17. Philippe commented on Aug 1

    The scripts of these episodes are already written from previous debacles, the press will pull out Wall Street veterans and economists whom will be reported to have foreseen and foretold the present events.
    The plaintiffs will be silently waiting in the lobbies of law firms.
    The party’s organiser’s will team up with the banks, which were involved in the scams, and few abuses will be reported as a sacrifice to the crowd, the rating agencies will be sanguine and will downgrade two or three CLO/CDO.
    A lip service from the banks CEO’s « there has been few exaggerations which will have to be remedied »
    The working life will command other « added value » ideas, and may be after all oil and commodities do not seem so overstretched if mixed with a little zest of currencies and interest rates? And may be after all stocks will look look cheap?

  18. Matt commented on Aug 1

    Usually Kunstler’s entries are diatribes against society. Glad to see he toned it down a bit to get a good message across. i try to take his commentary with a grain of salt as he has predicted Dow 4000 for back to back years.

  19. Rod Roth commented on Aug 1

    Is anyone over the age of 60 surprised? A growth economy is driven by dissatisfaction-which is emotionally, not rationally based. When the desire for a better life morphs into an addiction to more, borrowers and lenders both lose their perspective in the rage to get more.

    It always comes to the same end. The upcoming total unwinding will be a great learning experience for anyone who has yet to see one.

    Good Luck!


  20. michael schumacher commented on Aug 1

    perhaps the single best article I have read for a long time.

    BTW Hanky-Poo dropped anutha $10b LARGE today
    total of $49 billion in a week’s time.

    He’s busy even when he’s not lying his ass off. I wonder if he’s looking at houses in China???


  21. mhm commented on Aug 1

    MS, …

    Overnight Repo: A repo with a term of one day.

    We had this dialog months ago and you still don’t get it. You cannot add up loans that are canceled overnight to reach some fantastic billion dollars amount per week. You CAN add the other TERM repos though, until they are canceled.

  22. michael schumacher commented on Aug 1

    Go look at the treasurey site, not the fed site.

    These are not the same as the Fed drops……these are straight to the desks of the traders.

    Do a little research before you “try” to argue.


  23. John Thompson commented on Aug 1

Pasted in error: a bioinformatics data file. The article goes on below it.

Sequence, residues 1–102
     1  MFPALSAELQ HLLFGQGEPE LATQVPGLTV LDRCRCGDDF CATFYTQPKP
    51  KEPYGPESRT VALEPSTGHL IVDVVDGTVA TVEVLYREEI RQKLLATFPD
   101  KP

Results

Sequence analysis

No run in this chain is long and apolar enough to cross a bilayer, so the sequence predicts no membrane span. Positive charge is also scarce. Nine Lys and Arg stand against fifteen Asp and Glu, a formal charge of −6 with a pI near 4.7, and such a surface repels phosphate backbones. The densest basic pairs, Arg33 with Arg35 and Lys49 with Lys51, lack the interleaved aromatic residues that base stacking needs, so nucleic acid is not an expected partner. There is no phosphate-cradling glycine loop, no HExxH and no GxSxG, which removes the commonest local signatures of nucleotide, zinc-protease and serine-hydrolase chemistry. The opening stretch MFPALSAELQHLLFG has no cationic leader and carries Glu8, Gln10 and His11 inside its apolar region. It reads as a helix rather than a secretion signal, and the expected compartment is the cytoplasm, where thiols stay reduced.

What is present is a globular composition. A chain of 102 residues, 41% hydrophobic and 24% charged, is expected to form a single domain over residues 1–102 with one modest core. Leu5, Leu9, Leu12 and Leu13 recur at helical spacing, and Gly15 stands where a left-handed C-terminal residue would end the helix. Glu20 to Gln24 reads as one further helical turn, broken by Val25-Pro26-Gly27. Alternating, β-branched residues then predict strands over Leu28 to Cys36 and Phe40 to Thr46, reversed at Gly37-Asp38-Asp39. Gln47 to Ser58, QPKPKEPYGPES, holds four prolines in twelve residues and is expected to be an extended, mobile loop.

I read Kuntsler’s book, “The Long Emergency” and it scared the crap out of me. Almost literally. I got real depressed and started drinking, swore I’d never get married and have kids (which I’m told requires a willing participant).

    Then some things happened since then. I sobered up, and I discovered that there was the possiblity that internal combustion isn’t the only game out there. And I discovered that we are being manipulated by oil shills (who would have imagined!) with this false demand neocon side (war) and the *supposed* peak oil side helping them from both sides.

    Gas was supposed to go up so we’d get progress on alternatives. Let the market work. Then the market was of course manipulated. Gas prices went down from bets and inventory increases supposedly.

    So what I’m seeing this summer is, we were way over bought with too much supply? Where was the problem. Gas is cheap.

    I think Kuntsler is a shill. Bring on the hydrogen. There’s a guy who can make it from water that tens of thousands of people have seen on the internet. That would completely blow away his no time to convert fear mongering for big oil.

  24. tjofpa commented on Aug 1

    John, I think u’re catching on. Now if only the rest of the country could sober up. (I still haven’t.)

    Vietnam War => Massive LBJ deficits => the Oil shock of the ’70s.

    War On Terror => Massive Bush deficits => the Oil shock of the ’00s.

    Bartender, another round for my fellow countrymen.

    Why is Russia putting a flag on the ocean floor at the North Pole?

  25. fred commented on Aug 2

    isn’t one of the potential next “phases” so-to-speak the melding of the primary, secondary and tertiary capital markets? wall street has been for a while now a follower of opportunity versus a leader. in other words much like the phasing out of human specialists on the NYSE, wall street used to serve a meaningful purpose but that has been a thing of the past for a while now.